News

Healthy and sick

I pride myself on working out, eating whole fresh foods, and resting — the key ingredients to health.

Such as life, there are periods were my habits are better, more consistent than others. The last few weeks, I found myself really dialed in on all areas. I was feeling really good everything was going swell. Working out hard with my new training team, Northwest Personal Training, really mindful of my food choices, and proper rest every night. I even made sure to take a day off from exercising mid-week. Being extra-cautious not to burn myself out.

I was on a roll. The blog’s readership hit 25,000, working on a real huge project, cookbook signing at Clark College, and coordinating the FRESH viewing at the library.

Then out of nowhere…Bitten by the flu bug. Bitten hard by the flu bug. It’s been awful. Not only the physical discomforts: Body aches, chills, coughing, fever, and loss of appetite. There’s something about being sick that makes me feel so vulnerable. So weak.

I’ve been sidelined for the past two weeks. No interest in blogging, food, or much of anything. I’m slowly regaining my strength and my smile is back too. Being sick has surely made me appreciate my good health all the more. Even the healthiest people get sick sometimes.

Chrisetta Mosley

Chrisetta Mosley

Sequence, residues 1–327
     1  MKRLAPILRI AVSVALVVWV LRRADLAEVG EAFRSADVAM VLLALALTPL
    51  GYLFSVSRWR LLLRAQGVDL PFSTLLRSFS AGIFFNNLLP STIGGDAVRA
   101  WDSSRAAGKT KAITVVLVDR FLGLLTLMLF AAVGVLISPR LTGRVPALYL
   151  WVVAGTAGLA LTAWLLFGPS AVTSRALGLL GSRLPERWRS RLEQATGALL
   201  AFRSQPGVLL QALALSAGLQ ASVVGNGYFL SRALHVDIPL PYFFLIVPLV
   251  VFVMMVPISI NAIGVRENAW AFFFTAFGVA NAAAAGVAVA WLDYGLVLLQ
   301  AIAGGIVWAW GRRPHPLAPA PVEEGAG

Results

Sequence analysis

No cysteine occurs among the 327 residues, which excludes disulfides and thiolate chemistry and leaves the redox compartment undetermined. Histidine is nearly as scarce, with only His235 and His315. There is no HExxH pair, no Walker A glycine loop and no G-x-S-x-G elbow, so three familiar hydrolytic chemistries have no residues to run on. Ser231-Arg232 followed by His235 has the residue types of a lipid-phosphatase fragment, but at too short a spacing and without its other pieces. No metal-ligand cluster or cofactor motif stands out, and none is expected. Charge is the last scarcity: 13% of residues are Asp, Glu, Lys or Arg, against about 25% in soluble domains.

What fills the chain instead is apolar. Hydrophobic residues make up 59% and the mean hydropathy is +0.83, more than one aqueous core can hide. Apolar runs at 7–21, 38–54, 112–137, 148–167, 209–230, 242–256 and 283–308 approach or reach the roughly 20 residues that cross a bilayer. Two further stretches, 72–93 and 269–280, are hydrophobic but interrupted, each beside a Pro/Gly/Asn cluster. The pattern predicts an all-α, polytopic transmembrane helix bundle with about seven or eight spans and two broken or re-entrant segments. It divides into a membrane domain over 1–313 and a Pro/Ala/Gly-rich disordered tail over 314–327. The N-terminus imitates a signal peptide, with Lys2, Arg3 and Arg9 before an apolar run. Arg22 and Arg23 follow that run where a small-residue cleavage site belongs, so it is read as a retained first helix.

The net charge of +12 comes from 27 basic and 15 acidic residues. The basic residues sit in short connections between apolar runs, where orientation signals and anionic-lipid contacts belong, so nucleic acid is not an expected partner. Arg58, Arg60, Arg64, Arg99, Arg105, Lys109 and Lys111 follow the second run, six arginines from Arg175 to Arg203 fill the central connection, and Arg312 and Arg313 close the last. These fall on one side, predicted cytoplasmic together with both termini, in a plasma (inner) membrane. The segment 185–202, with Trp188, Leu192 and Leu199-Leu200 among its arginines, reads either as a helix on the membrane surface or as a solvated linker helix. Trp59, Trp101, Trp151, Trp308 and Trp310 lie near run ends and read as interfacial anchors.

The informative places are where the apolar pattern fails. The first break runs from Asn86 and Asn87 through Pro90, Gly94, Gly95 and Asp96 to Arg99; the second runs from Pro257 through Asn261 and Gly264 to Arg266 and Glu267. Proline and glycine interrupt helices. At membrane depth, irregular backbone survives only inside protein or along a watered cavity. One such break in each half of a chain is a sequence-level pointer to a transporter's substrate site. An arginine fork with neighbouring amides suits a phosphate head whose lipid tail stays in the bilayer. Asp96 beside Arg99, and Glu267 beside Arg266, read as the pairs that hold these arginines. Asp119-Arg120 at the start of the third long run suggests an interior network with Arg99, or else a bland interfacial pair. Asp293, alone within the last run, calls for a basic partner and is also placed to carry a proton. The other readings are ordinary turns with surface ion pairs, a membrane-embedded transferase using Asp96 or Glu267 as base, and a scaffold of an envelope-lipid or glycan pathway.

I am a product – and now a survivor – of childhood obesity. As a child, my family always told me that my extra weight was merely baby fat and I’d eventually grow out of it. I never did. Instead, my childhood is filled with memories of not being able to ride a bike, flattening its training wheels from being over the recommended weight, and avoiding P.E. classes by any means necessary. For years, I wore my fatness like a wounded soldier wears a Purple Heart - with pride. I owned the look. I dressed it up. I worked the room. There wasn't a skinny girl who intimidated me. I made sure my hair was laid just right. Nails polished. Outfits coordinated to the tee. Accessories to compliment every outfit. But everyone has a breaking point, and mine came in the spring of 2004 when I tipped the scale at nearly 400 pounds 388 to be exact. I was MISERABLE trapped inside of that body. I no longer wore my Purple Heart with pride. Rather, I was ashamed and frightened. Ashamed that I had allowed food to become my everything – frightened I would die because of it. Drastic times called for drastic measures... Today, I’m bound and determined to live a better, healthier, active lifestyle. I realize I’m no longer a passenger in my life, I’m the driver. I’m overcoming my inhibitions and I’m slowly but surely saying farewell to my old childhood nemesis, obesity. For once and for all, Farewell Fatso!